0.857
IF5
0.900
IF
Q3
JCR
0.92
CiteScore
0.405
SJR
Q2
SJR
20
MNiSW
165.24
ICV
ORIGINAL PAPER
 
CC-BY 4.0
 
 

Effect of caprylic, capric and oleic acid on growth of rumen and rabbit caecal bacteria

M. Marounek 1,  
 
1
Institute of Animal Physiology and Genetics, Czech Academy of Sciences, 104 00, Prague 10, Uhřiněves, Czech Republic
2
Research Institute of Animal Production, 104 01 Prague 10, Uhřiněves, Czech Republic
J. Anim. Feed Sci. 2002;11(3):507–516
Publish date: 2002-08-02
KEYWORDS
ABSTRACT
In a search for alternatives of in-feed antibiotics, the antimicrobial activity of caprylic (C8:0), capric (C10:0) and oleic (C18:1) acid was investigated in pure cultures of 19 strains of rumen and rabbit caecal bacteria, and in incubations of the rumen and rabbit caecal contents. In glucose-grown bacterial cultures the minimum inhibitory concentration (MIC) of caprylic acid ranged from 1 to 3 µl∙ml-1. Two strains of Bacteroides ovatus were less susceptible to capric than to caprylic acid. In other strains, the MIC of capric acid was 0.25-0.50 µl∙ml-1. The growth of most strains was not much affected by oleic acid. An exception to this were rumen bacteria Butyrivibrio fibrisolvens (MIC from < 0.05 to 1 µl∙ml-1) and Lachnospira multiparus ( MIC of 0.25 to 1 µl∙ml-1). In incubations of the rumen and caecal contents caprylic and capric acid decreased the production of volatile fatty acids and gas, and increased production of lactate. In latter incubations the inhibitory effects of caprylic and capric acid were similar. In incubations of the rumen contents, capric acid was more efficient than caprylic acid when supplied at low concentrations (<1.25 µl∙ml-1) , but less efficient when supplied at 2.5 and 5 µl∙ml-1. Effects of oleic acid in rumen and caecal cultures were not significant, except the increase in production of lactate by rumen microorganisms. It can be concluded that microorganisms of the animal digestive tract are susceptible to inhibition by caprylic and capric acid added to microbial cultures at fairly low concentrations. Oleic acid was far less effective.
CORRESPONDING AUTHOR
M. Marounek
Institute of Animal Physiology and Genetics, Czech Academy of Sciences, 104 00, Prague 10, Uhrineves, Czech Republic
 
CITATIONS (10):
1. Leukocytic response and composition of enteral microbiota in chickens fed a sage extract supplemented diet and infected withSalmonellaEnteritidis PT4
V. Spišáková, M. Levkutová, V. Revajová, Z. Ševčíková, A. Lauková, M. Levkut, V. Strompfová, J. Pistl, M. Levkut
Food and Agricultural Immunology
2. Comparative Metabolomic-Based Metabolic Mechanism Hypothesis for Microbial Mixed Cultures Utilizing Cane Molasses Wastewater for Higher 2-Phenylethanol Production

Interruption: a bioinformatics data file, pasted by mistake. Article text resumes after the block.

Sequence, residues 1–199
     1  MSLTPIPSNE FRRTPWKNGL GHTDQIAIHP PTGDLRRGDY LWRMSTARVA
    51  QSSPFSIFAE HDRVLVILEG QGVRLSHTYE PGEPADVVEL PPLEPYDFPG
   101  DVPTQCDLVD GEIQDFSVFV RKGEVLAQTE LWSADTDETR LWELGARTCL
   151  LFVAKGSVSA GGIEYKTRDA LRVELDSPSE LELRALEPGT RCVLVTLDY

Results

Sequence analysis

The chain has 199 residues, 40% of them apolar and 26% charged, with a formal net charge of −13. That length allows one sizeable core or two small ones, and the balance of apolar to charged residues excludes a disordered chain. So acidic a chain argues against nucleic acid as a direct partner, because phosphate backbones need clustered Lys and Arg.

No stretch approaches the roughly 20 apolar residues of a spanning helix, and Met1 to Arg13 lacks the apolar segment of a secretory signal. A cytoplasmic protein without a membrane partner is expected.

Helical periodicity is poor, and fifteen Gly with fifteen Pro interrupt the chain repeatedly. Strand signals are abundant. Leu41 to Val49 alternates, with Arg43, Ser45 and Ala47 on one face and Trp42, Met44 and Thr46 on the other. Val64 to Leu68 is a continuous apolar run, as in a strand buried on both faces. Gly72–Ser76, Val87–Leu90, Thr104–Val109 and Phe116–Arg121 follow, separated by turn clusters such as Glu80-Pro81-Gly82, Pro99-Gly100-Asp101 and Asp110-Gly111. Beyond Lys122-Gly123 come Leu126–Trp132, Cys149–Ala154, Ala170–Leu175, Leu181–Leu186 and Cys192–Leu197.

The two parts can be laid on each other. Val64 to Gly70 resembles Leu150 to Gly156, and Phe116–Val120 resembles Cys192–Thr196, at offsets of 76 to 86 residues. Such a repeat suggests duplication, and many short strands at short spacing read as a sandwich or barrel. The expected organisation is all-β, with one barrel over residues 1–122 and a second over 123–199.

Xinrong Pan, Haishan Qi, Li Mu, Jianping Wen, Xiaoqiang Jia
Journal of Agricultural and Food Chemistry
3. Effects of medium-chain fatty acids on the structure and immune response of IPEC-J2 cells
B. Martínez-Vallespín, W. Vahjen, J. Zentek
Cytotechnology
4. Metabolism of polyunsaturated fatty acids and their toxicity to the microflora of the rumen
Margarida R. G. Maia, Lal C. Chaudhary, Lauren Figueres, R. John Wallace
Antonie van Leeuwenhoek
5. Testing the efficacy of medium chain fatty acids against rabbit colibacillosis
Mélanie Gallois, Thierry Gidenne, Juan Orengo, Cécile Caubet, Christian Tasca, Alain Milon, Séverine Boullier
Veterinary Microbiology
6. Effect of late weaning and use of alternative cages on performance of does, suckling and fattening rabbits under extensive reproductive management
C. Alfonso-Carrillo, P. García-Rebollar, C. De Blas, M.A. Ibáñez, A.I. García-Ruiz
Livestock Science
7. Effects of dietary fish oil supplementation on performance, meat quality, and cecal fermentation of growing rabbits1
M. Rodríguez, M. D. Carro, V. Valiente, N. Formoso-Rafferty, P. G. Rebollar
Journal of Animal Science
8. The application of caprylic acid in downstream processing of monoclonal antibodies
Yifeng Li
Protein Expression and Purification
9. Influence of Dietary Inclusion with Corn and Soybean Oils, in Combination with Live Yeast Culture, on Horse Fecal Methane, Carbon Dioxide and Hydrogen Productions
Alejandro E. Velázquez, Mona M.M.Y. Elghandour, Moyosore J. Adegbeye, Alberto B. Pilego, Laura H. Vallejo, Abdelfattah Z.M. Salem, Moisés C. Salazar
Journal of Equine Veterinary Science
10. Susceptibility ofEscherichia coli to C2-C18 fatty acids
M. Marounek, E. Skřivanová, V. Rada
Folia Microbiologica
ISSN:1230-1388